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    February 11, 2022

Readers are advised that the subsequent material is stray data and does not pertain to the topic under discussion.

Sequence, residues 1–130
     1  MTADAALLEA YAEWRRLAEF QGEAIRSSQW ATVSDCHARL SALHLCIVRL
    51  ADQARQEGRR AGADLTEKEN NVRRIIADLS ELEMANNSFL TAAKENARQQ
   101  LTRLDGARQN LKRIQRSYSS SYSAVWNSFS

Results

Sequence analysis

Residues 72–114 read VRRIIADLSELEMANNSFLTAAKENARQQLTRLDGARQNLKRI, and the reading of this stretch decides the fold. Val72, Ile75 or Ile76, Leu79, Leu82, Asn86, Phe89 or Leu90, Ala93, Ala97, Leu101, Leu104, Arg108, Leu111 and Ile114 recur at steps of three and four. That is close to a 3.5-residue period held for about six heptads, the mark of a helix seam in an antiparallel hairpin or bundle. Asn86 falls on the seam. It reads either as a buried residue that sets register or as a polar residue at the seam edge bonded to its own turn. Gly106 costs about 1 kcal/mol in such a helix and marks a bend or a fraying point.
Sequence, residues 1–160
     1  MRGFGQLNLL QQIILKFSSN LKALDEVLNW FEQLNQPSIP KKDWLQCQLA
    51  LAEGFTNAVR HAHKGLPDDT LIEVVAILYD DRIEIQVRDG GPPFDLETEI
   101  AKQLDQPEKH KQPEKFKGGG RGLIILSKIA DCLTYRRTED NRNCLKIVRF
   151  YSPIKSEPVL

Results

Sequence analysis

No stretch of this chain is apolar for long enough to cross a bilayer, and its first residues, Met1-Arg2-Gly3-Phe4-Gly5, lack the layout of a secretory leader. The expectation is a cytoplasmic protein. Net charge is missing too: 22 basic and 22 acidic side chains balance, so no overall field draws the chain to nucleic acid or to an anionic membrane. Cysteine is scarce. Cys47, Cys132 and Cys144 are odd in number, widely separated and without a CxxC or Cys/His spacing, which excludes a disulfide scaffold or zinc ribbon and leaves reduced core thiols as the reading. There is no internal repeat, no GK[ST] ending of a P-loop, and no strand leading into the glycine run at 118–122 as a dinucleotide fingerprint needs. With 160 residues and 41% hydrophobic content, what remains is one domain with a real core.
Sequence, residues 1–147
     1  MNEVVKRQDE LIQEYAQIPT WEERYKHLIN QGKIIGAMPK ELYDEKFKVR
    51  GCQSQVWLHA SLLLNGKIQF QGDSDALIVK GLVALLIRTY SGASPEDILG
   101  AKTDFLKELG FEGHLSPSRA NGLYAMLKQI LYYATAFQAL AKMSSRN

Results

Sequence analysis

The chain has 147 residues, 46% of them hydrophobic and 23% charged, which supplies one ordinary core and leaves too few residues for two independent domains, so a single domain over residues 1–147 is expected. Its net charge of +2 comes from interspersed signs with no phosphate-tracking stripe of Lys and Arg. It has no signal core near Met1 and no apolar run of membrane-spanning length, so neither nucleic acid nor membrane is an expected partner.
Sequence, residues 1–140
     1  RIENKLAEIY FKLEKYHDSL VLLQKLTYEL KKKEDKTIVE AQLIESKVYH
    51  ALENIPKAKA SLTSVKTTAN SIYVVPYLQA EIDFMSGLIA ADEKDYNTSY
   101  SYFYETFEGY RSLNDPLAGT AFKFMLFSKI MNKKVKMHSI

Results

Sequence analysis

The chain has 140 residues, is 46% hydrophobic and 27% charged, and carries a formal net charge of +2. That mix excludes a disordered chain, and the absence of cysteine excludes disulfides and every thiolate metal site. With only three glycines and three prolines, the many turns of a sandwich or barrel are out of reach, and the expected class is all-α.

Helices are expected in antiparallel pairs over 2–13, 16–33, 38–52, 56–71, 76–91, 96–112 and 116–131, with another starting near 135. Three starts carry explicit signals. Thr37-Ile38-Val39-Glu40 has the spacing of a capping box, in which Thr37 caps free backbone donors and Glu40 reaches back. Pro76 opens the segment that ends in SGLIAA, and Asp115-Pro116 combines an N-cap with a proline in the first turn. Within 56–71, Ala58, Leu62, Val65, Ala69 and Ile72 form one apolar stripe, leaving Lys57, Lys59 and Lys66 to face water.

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Business Insight presented by Arlington Dermatology China, Olympics, and Common Sense Have you been watching Winter Olympics? Not much is being shown as most of the networks decided to boycott the events and only a few report from Beijing. One of the most glamorous sport events, promoting global peace, was again brought down to the political arguments and protests. Not that I disagree with it, but you need to remember that places for Olympics are chosen years in advance and practically, it is impossible to predict geopolitical imbalances. Thus, those of us who love watching sports, athletes who love competing, and organizers who spend millions to set up all supportive services, all of us suffer disappointments and sadness of missing such a great experience. So, what about China? You know already that I do not like taking political stands, so! will not discuss it. But there are some practical impacts of China's position in the world, especially economic that affect us all. First, for many years, not five or six but rather twenty or more, our economic system depended on China and its production. It was a decision of 5 times the normal price we used to pay. And many corporations, smaller and bigger, to seek cheap labor markets and outsource almost all manufacturing overseas. It had nothing to do with political party or president; actually, all corporations lobbied both parties to receive allowances and easy paths to outsourcing. American consumers did not think twice about the trend. Visiting department stores for shopping, we were happy to see tons of products at low prices and we kept buying and buying more. I do not believe you could find a pair of shoes or a toy at Target that was not made in China. Owners of American businesses were happy too: instead of paying $15.00 per hour and providing benefits, they paid $1 per hour and no benefits. Common sense, right? More profit. I personally experienced the trend too. Inever really thought about where our medical supplies come from. With some exceptions, like surgical tools or sutures, we order tons of gloves, table paper, and more. We order from suppliers and dealers who are providers and who buy directly from producers. It turned out many of their producers are in China. So, watching the pricing, we unknowingly planet. We all use electronic tools that made ordered from China. And out of the skies, the pandemic hit the world. China became a source of anger of many. Regular trade got disrupted, and pricing pandemic. And blaming each other or finger went crazy. Out of the skies, we learned that pointing will not help. We need to find a better we could produce Covid tests but we could not produce swabs. They were all produced in China. The price of regulár surgical gloves went we had to wait weeks to get them inhouse. Thankfully, the markets stabilized a little now and we do not worry about working without surgical gloves. But the pricing is much higher. Many of the items we order come from some domestic producers or outsourced producers but from different places than China, like Romania for instance. They are more expensive because the suppliers pay more to the producers. And producers are the same corporations but had to seek labor elsewhere and it became more expensive. We complain about milk being more expensive. Yes, it comes from American cows but where do you think the containers come from? They used to be from China. Cheap. Now they are from elsewhere and they cost more. So, milk costs more too. And, by the way, medical clinic operational cost of supplies is probably about 20% more too. People who produce our supplies want to make more money. Do you blame them? The whole China and inflation story is much more complex than political views. We are in a global economy. We all live on the same time and distance irrelevant. It is common sense to expect that we will experience some turbulence during and after the global way of moving forward. Michael Bukhalo, MD Arlington Dermatology 5301 Keystone Court Rolling Meadows, IL 60008 Tel. 847 392 5440 www.arlingtondermatology.net Business Insight presented by Arlington Dermatology China, Olympics, and Common Sense Have you been watching Winter Olympics? Not much is being shown as most of the networks decided to boycott the events and only a few report from Beijing. One of the most glamorous sport events, promoting global peace, was again brought down to the political arguments and protests. Not that I disagree with it, but you need to remember that places for Olympics are chosen years in advance and practically, it is impossible to predict geopolitical imbalances. Thus, those of us who love watching sports, athletes who love competing, and organizers who spend millions to set up all supportive services, all of us suffer disappointments and sadness of missing such a great experience. So, what about China? You know already that I do not like taking political stands, so! will not discuss it. But there are some practical impacts of China's position in the world, especially economic that affect us all. First, for many years, not five or six but rather twenty or more, our economic system depended on China and its production. It was a decision of 5 times the normal price we used to pay. And many corporations, smaller and bigger, to seek cheap labor markets and outsource almost all manufacturing overseas. It had nothing to do with political party or president; actually, all corporations lobbied both parties to receive allowances and easy paths to outsourcing. American consumers did not think twice about the trend. Visiting department stores for shopping, we were happy to see tons of products at low prices and we kept buying and buying more. I do not believe you could find a pair of shoes or a toy at Target that was not made in China. Owners of American businesses were happy too: instead of paying $15.00 per hour and providing benefits, they paid $1 per hour and no benefits. Common sense, right? More profit. I personally experienced the trend too. Inever really thought about where our medical supplies come from. With some exceptions, like surgical tools or sutures, we order tons of gloves, table paper, and more. We order from suppliers and dealers who are providers and who buy directly from producers. It turned out many of their producers are in China. So, watching the pricing, we unknowingly planet. We all use electronic tools that made ordered from China. And out of the skies, the pandemic hit the world. China became a source of anger of many. Regular trade got disrupted, and pricing pandemic. And blaming each other or finger went crazy. Out of the skies, we learned that pointing will not help. We need to find a better we could produce Covid tests but we could not produce swabs. They were all produced in China. The price of regulár surgical gloves went we had to wait weeks to get them inhouse. Thankfully, the markets stabilized a little now and we do not worry about working without surgical gloves. But the pricing is much higher. Many of the items we order come from some domestic producers or outsourced producers but from different places than China, like Romania for instance. They are more expensive because the suppliers pay more to the producers. And producers are the same corporations but had to seek labor elsewhere and it became more expensive. We complain about milk being more expensive. Yes, it comes from American cows but where do you think the containers come from? They used to be from China. Cheap. Now they are from elsewhere and they cost more. So, milk costs more too. And, by the way, medical clinic operational cost of supplies is probably about 20% more too. People who produce our supplies want to make more money. Do you blame them? The whole China and inflation story is much more complex than political views. We are in a global economy. We all live on the same time and distance irrelevant. It is common sense to expect that we will experience some turbulence during and after the global way of moving forward. Michael Bukhalo, MD Arlington Dermatology 5301 Keystone Court Rolling Meadows, IL 60008 Tel. 847 392 5440 www.arlingtondermatology.net